For example, an individual with a 9th grade education (who did not obtain a GED) who cannot do their past work in manual labor (for instance, because it requires a lot of standing and walking) will not be expected to perform other work that goes beyond his or her educational limits. In the same vein, individuals with severe mental or affective impairments (such as having a low IQ or severe depression or anxiety) will not be expected to perform other work that requires detailed attention and concentration.
You Must Have a Severe Medical Disease or Condition
Then you must have a medical condition that meets Social Security’s definition of disability. SSDI benefits are only available to those with a severe, long-term, total disability.
Severe means that your disease or medical condition must interfere with your ability to perform basic work-related activities.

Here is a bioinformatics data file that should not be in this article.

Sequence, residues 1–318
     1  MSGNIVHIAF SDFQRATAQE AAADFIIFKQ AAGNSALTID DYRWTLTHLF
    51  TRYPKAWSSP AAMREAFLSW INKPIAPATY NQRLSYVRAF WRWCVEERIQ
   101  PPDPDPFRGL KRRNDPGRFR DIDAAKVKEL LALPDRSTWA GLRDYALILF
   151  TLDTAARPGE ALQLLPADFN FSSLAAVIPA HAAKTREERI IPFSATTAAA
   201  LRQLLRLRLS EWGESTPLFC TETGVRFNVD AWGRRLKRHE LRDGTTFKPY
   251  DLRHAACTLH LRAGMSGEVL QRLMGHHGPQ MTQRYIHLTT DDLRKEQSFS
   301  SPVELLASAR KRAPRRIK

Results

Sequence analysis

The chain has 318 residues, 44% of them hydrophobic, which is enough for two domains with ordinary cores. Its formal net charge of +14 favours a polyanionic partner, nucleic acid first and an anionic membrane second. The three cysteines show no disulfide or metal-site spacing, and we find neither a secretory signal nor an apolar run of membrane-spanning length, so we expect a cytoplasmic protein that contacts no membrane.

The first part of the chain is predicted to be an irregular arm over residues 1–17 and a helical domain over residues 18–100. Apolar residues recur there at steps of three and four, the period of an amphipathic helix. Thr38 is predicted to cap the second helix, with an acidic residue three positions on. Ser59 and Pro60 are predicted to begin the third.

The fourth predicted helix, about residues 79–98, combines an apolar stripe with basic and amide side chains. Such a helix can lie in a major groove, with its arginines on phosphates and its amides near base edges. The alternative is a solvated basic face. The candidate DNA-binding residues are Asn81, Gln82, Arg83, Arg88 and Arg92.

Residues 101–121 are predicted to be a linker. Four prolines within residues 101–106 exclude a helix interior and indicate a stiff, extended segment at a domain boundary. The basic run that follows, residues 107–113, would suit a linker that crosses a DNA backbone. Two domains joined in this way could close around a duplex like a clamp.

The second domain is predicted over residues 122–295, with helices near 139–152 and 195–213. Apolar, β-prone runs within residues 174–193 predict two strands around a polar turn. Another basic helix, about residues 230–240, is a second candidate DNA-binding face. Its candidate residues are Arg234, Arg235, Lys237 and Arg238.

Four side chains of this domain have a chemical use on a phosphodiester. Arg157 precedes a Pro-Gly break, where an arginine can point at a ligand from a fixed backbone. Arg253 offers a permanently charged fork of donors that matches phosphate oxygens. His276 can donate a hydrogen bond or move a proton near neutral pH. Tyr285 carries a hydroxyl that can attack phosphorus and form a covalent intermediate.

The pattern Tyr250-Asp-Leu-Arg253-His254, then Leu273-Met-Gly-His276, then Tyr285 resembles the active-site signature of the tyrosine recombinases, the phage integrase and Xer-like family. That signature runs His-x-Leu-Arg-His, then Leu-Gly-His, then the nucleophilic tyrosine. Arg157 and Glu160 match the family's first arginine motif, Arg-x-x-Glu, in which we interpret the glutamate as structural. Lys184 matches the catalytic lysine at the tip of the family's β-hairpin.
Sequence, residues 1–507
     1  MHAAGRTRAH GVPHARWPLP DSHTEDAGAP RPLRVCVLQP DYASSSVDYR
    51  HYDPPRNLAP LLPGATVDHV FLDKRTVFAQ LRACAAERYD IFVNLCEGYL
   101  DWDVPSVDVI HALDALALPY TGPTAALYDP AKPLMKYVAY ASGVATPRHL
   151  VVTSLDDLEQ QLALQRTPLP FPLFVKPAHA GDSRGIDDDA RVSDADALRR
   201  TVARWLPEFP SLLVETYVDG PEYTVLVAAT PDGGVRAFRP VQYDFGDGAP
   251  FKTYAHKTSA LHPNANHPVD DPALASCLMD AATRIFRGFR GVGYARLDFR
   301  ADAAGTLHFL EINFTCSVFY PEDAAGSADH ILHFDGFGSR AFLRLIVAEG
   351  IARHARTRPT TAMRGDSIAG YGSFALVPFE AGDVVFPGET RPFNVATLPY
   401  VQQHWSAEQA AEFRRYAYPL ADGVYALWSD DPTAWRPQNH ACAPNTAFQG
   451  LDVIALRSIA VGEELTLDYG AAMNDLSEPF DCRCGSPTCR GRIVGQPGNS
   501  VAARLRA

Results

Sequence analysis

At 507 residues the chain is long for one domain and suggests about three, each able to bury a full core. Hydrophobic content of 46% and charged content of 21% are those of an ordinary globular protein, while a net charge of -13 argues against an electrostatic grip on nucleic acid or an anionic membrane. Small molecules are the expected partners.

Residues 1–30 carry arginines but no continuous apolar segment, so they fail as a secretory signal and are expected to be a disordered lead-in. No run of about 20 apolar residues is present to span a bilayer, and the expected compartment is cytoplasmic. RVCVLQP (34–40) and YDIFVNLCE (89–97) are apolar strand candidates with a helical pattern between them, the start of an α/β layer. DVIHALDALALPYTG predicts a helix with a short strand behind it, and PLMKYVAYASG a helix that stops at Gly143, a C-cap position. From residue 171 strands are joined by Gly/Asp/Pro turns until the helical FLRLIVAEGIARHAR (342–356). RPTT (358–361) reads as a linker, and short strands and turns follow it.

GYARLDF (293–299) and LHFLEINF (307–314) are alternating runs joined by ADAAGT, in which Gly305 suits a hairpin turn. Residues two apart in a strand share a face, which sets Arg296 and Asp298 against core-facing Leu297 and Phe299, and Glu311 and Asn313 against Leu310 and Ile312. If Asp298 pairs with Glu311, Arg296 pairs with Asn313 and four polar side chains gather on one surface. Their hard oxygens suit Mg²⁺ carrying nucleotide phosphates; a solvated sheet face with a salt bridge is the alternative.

In general, Social Security pays monthly cash benefits to individuals who are unable to work for a year or more due to a disability. Thus, long-term means that your condition has lasted is expected to last at least one year.
Total disability means that you are not able to perform “substantial gainful activity” (SGA) for at least one year. If you are currently working and make over a certain amount ($1,070 per month in 2014 for disabled applicants, $1,800 for blind applicants), Social Security will find that you’re performing SGA and that you are not disabled enough to qualify for SSDI benefits.
For more information on whether you satisfy the medical requirements for SSDI, see Medical Eligibility for Disability Benefits.
Non-Medical Requirements for Social Security Benefits
In order to qualify for “regular” Social Security Disability Insurance (SSDI) disability benefits, an individual must have paid Social Security payroll taxes over a certain length of time and earned enough “work credits”. An individual who has earned enough credits this will be considered “insured” for SSDI purposes. The minimum number of years you are required to pay into the Social Security system to earn insured status is determined by your age. If an individual stops working and paying Social Security taxes, he or she must be able to show that his or her disability began before his or her “date last insured”, which is when the insured status ran out.